The advantage of presenting the information in this way—as opposed to, for example, a table—is that it is readily understandable without obscuring the variety of the possible outcomes. Moreover, the patterns which stand out pose questions for further research, such as how and why did so many potential transportees manage to evade this punishment–and what determined which punishments they actually received? These are issues we are currently investigating.
But what happens when the variables become more complex, and the number of stages prisoners might go through multiplies? This is the problem we are working on now. As noted, our multiple datasets include information about a variety of different types of events in convict lives. Sankey diagrams should be able to help, as they can show multiple paths through several stages, which is what we want to do with convict lives. Each life history can be a line in a Sankey diagram, which, when 1000s of lives are included, would reveal general patterns. But how do we manage the large number of events, taking place at different times? A problem here is that we want to introduce a time element to the variables (the actual dates of events), which makes it too complicated for a normal Sankey diagram.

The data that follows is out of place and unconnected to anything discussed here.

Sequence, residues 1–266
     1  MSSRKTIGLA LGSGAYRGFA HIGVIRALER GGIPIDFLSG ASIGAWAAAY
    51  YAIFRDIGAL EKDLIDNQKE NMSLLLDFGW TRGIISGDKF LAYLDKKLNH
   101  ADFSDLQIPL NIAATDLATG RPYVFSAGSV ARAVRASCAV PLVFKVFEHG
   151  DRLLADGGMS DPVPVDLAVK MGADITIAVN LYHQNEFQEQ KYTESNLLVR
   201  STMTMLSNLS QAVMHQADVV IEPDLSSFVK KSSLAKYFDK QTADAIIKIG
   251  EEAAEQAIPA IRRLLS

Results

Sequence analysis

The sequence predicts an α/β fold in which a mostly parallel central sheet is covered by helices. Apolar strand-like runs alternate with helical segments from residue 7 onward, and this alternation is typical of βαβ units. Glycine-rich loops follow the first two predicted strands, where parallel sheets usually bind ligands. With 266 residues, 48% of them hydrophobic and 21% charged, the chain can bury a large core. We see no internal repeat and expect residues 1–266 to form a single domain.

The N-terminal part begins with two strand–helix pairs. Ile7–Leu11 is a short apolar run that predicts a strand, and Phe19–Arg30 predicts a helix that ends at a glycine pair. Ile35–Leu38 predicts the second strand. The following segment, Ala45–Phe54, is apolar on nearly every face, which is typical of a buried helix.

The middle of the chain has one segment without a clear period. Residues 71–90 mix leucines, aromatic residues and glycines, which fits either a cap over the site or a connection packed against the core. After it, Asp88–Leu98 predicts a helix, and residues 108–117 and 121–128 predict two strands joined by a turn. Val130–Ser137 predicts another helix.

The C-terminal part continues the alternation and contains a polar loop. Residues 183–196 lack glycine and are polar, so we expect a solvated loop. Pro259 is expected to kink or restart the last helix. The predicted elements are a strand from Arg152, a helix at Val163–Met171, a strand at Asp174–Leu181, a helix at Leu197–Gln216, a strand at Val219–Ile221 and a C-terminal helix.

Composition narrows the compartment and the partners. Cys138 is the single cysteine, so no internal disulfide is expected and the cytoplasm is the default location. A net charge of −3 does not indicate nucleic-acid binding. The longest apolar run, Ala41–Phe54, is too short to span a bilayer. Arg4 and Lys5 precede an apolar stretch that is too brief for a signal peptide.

This is based on twenty-four convict lives where we currently have eight or more records, including their birth, previous conviction (if any), Old Bailey conviction, and punishment (periods of incarceration in the hulks or a prison and subsequent release, or transportation, or execution).